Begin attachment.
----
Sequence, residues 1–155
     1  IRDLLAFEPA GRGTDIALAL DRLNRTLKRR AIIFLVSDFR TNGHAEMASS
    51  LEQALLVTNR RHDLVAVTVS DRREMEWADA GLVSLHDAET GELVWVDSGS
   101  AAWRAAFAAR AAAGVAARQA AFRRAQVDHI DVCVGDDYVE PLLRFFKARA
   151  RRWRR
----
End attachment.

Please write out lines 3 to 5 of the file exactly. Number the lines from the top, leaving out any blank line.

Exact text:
    51  LEQALLVTNR RHDLVAVTVS DRREMEWADA GLVSLHDAET GELVWVDSGS
   101  AAWRAAFAAR AAAGVAARQA AFRRAQVDHI DVCVGDDYVE PLLRFFKARA
   151  RRWRR